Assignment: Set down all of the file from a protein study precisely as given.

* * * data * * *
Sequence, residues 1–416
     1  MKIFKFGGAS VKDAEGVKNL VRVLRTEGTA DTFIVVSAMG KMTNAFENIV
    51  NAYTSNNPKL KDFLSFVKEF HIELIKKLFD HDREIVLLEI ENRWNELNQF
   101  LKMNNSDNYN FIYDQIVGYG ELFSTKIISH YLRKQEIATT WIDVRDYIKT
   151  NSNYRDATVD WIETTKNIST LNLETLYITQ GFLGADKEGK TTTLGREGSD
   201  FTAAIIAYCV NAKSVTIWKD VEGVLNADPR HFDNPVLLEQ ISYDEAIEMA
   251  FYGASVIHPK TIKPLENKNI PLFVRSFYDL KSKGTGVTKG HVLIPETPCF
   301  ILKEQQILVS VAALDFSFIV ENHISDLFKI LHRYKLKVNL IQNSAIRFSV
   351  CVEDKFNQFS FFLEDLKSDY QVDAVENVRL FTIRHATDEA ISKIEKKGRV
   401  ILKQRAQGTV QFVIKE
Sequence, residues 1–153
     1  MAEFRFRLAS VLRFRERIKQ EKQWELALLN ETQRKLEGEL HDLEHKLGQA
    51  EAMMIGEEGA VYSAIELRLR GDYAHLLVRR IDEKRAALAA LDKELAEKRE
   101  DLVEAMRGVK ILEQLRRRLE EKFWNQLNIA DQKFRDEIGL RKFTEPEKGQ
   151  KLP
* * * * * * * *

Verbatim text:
Sequence, residues 1–416
     1  MKIFKFGGAS VKDAEGVKNL VRVLRTEGTA DTFIVVSAMG KMTNAFENIV
    51  NAYTSNNPKL KDFLSFVKEF HIELIKKLFD HDREIVLLEI ENRWNELNQF
   101  LKMNNSDNYN FIYDQIVGYG ELFSTKIISH YLRKQEIATT WIDVRDYIKT
   151  NSNYRDATVD WIETTKNIST LNLETLYITQ GFLGADKEGK TTTLGREGSD
   201  FTAAIIAYCV NAKSVTIWKD VEGVLNADPR HFDNPVLLEQ ISYDEAIEMA
   251  FYGASVIHPK TIKPLENKNI PLFVRSFYDL KSKGTGVTKG HVLIPETPCF
   301  ILKEQQILVS VAALDFSFIV ENHISDLFKI LHRYKLKVNL IQNSAIRFSV
   351  CVEDKFNQFS FFLEDLKSDY QVDAVENVRL FTIRHATDEA ISKIEKKGRV
   401  ILKQRAQGTV QFVIKE
Sequence, residues 1–153
     1  MAEFRFRLAS VLRFRERIKQ EKQWELALLN ETQRKLEGEL HDLEHKLGQA
    51  EAMMIGEEGA VYSAIELRLR GDYAHLLVRR IDEKRAALAA LDKELAEKRE
   101  DLVEAMRGVK ILEQLRRRLE EKFWNQLNIA DQKFRDEIGL RKFTEPEKGQ
   151  KLP